Freeze resigns as Ole Miss football coach
(AP) — Mississippi football coach Hugh Freeze has resigned after five seasons, bringing a stunning end to a once-promising tenure.
The school confirmed Freeze’s resignation in a release Thursday night. Assistant Matt Luke has been named the interim coach. A press conference was scheduled for late Thursday.
The Rebels had a quick rise under Freeze, recruiting at a high level and reaching an apex with a Sugar Bowl victory over Oklahoma State following the 2015 season.
But an NCAA investigation — alleging 21 charges of academic, booster, and recruiting misconduct — has overshadowed much of that success, especially over the past year. The school has already self-imposed several penalties, including a one-year postseason ban for the upcoming season.
Freeze — who was making more than $5 million per year — had a 39-25 record over five seasons, including a 19-21 mark in the Southeastern Conference.
The 47-year-old Freeze’s shocking exit — just a few weeks before preseason camp begins — completes a stunning fall for a coach considered one of the profession’s rising stars a few years ago.
Freeze took over after Houston Nutt was fired during a miserable 2011 season that ended with a 2-10 record. Ole Miss immediately improved under Freeze, finishing 7-6 in 2012 and winning the Birmingham Bowl.
The Rebels continued to surge on the field and on the recruiting trail over the next several seasons. They signed some of the nation’s top recruits in 2013, including defensive lineman Robert Nkemdiche, receiver Laquon Treadwell and offensive lineman Laremy Tunsil. They helped push the program to eight wins in 2013, nine in ‘14 and a 10-3 record in ‘15.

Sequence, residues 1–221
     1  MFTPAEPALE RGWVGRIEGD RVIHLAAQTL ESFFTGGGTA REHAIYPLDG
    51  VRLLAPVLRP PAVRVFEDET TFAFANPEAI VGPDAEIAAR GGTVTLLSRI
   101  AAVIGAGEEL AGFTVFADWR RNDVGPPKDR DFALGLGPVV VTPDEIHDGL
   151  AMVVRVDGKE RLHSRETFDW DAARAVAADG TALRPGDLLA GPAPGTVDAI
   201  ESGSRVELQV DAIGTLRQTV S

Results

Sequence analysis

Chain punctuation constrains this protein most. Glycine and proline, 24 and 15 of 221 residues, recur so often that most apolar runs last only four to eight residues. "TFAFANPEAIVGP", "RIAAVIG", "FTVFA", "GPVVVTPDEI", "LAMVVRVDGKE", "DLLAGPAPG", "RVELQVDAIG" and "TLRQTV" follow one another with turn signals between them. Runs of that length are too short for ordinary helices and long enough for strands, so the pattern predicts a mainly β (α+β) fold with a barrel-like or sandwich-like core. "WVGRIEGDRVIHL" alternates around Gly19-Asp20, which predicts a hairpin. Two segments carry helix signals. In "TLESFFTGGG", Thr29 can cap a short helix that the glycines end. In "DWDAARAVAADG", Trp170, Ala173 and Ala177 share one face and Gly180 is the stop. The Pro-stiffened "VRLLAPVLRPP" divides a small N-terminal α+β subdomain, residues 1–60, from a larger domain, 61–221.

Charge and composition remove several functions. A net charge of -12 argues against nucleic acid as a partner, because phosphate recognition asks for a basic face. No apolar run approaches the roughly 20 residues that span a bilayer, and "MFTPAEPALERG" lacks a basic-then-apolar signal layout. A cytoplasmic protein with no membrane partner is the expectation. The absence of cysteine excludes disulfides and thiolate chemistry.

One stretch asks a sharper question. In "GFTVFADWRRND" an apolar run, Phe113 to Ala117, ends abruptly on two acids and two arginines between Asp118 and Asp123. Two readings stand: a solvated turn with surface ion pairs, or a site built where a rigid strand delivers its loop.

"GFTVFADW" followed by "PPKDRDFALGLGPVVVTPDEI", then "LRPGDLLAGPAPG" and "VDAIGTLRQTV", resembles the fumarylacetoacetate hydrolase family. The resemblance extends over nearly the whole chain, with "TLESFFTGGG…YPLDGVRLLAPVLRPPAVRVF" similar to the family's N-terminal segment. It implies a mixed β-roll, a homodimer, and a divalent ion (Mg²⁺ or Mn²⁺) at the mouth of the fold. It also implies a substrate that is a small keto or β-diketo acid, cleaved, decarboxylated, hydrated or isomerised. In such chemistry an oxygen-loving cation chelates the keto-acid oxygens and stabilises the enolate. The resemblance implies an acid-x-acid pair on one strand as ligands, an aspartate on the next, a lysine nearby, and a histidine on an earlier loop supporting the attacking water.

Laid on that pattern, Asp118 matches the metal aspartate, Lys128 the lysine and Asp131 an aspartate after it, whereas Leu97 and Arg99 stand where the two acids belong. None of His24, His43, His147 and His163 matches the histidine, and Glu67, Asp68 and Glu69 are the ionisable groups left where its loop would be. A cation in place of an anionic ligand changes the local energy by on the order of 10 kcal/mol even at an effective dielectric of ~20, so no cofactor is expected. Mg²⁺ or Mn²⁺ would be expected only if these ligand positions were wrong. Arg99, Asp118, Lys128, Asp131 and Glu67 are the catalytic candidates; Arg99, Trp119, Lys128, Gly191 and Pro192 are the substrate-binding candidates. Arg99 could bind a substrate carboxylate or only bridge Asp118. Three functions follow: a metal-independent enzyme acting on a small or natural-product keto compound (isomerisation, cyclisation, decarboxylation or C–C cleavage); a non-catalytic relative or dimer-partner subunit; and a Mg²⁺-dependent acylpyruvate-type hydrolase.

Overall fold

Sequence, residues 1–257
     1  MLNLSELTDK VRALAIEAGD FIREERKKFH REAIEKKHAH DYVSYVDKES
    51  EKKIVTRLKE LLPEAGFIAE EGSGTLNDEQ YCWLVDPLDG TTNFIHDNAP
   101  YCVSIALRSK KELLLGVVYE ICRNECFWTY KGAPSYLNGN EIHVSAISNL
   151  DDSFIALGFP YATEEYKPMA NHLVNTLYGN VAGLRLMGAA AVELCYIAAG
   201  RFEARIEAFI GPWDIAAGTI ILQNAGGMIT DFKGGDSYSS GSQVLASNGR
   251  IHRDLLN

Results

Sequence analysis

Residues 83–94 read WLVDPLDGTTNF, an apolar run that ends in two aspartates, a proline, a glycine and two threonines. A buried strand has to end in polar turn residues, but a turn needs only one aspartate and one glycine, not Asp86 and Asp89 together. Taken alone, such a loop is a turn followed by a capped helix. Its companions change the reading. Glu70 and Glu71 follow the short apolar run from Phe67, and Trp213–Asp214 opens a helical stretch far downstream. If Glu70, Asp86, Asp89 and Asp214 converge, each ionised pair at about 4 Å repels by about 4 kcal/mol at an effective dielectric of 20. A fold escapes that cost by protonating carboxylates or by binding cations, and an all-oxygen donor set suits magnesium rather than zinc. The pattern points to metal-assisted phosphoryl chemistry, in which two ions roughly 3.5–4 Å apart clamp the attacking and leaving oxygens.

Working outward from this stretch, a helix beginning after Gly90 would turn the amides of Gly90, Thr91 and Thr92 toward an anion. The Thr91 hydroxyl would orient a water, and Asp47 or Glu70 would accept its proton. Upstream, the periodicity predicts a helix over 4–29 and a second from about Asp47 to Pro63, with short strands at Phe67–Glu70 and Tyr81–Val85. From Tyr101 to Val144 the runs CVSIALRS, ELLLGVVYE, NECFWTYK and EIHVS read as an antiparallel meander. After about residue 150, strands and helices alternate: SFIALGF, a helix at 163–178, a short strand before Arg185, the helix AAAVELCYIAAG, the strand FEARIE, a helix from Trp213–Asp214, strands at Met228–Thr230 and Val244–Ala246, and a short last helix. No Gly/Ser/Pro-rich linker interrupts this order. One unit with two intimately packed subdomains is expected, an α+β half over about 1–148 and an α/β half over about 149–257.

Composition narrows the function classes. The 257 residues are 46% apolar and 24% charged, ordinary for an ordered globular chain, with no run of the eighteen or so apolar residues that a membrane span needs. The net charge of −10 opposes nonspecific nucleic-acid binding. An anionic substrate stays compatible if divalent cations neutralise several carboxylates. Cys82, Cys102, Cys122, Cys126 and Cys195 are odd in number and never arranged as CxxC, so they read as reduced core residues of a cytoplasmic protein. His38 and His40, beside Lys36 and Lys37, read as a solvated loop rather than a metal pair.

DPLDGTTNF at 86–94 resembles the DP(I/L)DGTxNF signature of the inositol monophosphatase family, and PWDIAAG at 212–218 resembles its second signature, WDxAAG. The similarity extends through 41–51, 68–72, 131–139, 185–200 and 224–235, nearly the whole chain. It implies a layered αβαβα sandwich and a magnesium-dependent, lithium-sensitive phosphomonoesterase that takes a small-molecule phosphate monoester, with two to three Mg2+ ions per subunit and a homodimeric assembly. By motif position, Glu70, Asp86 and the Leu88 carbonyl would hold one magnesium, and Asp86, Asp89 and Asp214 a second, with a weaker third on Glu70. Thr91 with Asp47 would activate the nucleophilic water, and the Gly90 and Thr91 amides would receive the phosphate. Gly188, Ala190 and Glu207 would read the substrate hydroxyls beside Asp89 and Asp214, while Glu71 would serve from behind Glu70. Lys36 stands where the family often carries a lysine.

But Ole Miss’ newfound ability to recruit at a high level drew the attention of the NCAA, which was already investigating the school for a handful of violations that occurred during Nutt’s tenure.
The school has received two Notice of Allegations letters from the NCAA over the past two years. The first alleged 13 rules violations, including nine that were classified as Level I, which the governing body deems the most serious.
But the case expanded in April 2016 after Tunsil became the story of the NFL draft after a bizarre video of him smoking from a gas mask-bong contraption was posted on his Twitter account just before the selections began.
There was also a post on Tunsil’s Instagram account showing an alleged text conversation with a football staff member about arranging payment for bills.
Though the NCAA didn’t appear to find much from that particular exchange, the governing body did reopen its investigation, sending a second NOA earlier this year that expanded the case to 21 allegations, including 17 that are Level I.